In the past few weeks, our Australian Shepherd, Buffy, has taken up a new habit: She puts her foot in her bowl when she’s hungry. She stands there for a few minutes and, if we don’t feed her, she starts to slowly raise and lower her paw in her bowl. If that doesn’t work, she begins to make little insistent sounds, as if to say, “We each have our jobs and yours is to feed me.” In short, Buffy is direct. She knows what she wants and she’s good at asking for it.
I, on the other hand, tend to do a lot of hemming and hawing. Rather than making decisions using logic (or something like it), I tend to follow a slower and more intuitive path. If, for instance, I am drawn to a show idea, I simply trust that there’s a reason I’m drawn to it and, eventually, that reason becomes clear to me. In other words, I take a very long time to do anything and, when I finally do it, I find it difficult to explain why. In this way, I am not unlike many of the broadcasters I know.
Broadcasters, I find, typically fall into three categories, with the majority of them falling into the same category that I’m in: Slow, indecisive, and inarticulate. Perhaps because I identify with them (and the churnings of their Byzantine gears) I no longer get upset when they take two, three or even ten months to respond to a pitch. I simply wait patiently and sometimes I even forget that I pitched them at all. On those occasions, I am quite pleasantly surprised when I do finally hear back from them, particularly if their answer is something other than “no.”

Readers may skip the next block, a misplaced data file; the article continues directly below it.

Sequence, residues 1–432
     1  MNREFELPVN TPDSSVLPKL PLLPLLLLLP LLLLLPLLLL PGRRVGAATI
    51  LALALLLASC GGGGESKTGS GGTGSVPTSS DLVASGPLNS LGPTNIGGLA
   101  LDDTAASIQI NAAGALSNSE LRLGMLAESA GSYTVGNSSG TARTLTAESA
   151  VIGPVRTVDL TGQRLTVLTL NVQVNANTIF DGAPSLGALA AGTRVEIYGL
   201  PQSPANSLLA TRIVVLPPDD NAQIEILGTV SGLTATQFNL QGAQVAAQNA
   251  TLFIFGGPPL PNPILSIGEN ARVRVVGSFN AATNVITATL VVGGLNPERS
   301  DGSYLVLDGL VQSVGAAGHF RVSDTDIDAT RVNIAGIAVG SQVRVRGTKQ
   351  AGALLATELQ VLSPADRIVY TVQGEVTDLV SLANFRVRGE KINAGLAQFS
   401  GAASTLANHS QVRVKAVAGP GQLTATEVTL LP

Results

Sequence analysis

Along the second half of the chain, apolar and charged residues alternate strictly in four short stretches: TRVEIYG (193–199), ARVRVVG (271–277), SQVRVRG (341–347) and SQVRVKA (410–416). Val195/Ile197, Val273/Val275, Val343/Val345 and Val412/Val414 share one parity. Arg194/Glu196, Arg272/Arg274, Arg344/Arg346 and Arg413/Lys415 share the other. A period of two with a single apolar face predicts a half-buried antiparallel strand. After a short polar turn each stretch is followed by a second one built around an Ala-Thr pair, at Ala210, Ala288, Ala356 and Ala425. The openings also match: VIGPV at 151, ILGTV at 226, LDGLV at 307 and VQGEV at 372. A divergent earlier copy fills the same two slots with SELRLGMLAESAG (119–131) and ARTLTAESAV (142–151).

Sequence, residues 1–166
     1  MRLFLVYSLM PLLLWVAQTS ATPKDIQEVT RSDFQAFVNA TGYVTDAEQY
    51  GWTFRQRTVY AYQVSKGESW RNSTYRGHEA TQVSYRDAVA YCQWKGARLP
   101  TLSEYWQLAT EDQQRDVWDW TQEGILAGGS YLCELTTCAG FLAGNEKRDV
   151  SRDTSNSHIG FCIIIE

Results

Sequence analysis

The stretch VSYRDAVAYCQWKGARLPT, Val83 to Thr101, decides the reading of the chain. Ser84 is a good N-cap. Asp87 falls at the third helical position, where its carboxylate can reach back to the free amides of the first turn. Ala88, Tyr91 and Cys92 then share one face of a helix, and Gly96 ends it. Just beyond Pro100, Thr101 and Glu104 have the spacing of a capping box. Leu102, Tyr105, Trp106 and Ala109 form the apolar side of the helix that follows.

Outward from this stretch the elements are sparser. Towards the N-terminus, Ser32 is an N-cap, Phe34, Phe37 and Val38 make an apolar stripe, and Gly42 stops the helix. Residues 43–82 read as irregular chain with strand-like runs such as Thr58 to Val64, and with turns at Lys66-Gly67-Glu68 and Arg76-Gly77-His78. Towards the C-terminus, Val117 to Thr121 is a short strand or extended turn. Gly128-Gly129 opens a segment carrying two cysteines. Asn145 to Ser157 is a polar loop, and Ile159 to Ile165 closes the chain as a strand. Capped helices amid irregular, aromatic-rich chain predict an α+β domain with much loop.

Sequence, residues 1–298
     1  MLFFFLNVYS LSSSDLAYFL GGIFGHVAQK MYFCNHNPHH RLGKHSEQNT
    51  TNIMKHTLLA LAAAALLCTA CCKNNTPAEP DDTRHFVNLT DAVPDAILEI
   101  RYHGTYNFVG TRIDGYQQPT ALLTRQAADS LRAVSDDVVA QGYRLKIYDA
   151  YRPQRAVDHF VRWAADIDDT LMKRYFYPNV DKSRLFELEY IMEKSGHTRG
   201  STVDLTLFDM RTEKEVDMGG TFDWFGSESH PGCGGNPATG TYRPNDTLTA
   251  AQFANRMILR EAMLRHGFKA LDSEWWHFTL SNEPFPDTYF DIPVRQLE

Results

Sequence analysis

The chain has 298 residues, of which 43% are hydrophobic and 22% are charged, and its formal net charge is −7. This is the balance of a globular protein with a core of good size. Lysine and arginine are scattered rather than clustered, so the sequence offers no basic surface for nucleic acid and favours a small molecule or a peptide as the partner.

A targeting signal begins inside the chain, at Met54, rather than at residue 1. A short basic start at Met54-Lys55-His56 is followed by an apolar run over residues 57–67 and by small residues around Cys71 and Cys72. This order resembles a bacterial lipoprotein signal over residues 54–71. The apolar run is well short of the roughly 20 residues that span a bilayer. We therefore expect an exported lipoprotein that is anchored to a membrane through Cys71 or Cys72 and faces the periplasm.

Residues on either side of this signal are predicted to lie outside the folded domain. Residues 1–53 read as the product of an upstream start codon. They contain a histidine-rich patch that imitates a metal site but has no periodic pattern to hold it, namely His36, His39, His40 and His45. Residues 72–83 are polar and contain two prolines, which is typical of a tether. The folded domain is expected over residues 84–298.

So, what are the two other categories? Well, the worst for me are the broadcasters who simply don’t follow up at all after you pitch them. They don’t write to you, they don’t reply to your e-mails, and they don’t take your calls. It’s as if your bible has been sucked into a black hole with nothing at the other end except perhaps a bored intern who uses your pitch to even out the legs of a wobbly table. I’m sure there’s a reason these broadcasters behave the way they do but I can’t for the life of me figure out what it is.
But the best broadcasters are the ones who are the most like Buffy. They know exactly what they want and, when it comes to your show, they either put their foot in the bowl or they don’t. It isn’t necessary for them to consult with 30 people before telling you that your show is right for their channel or not. Like Buffy, they are clear about their needs so you can go ahead and feed them or get on with your life. In my view, these broadcasters are the most merciful.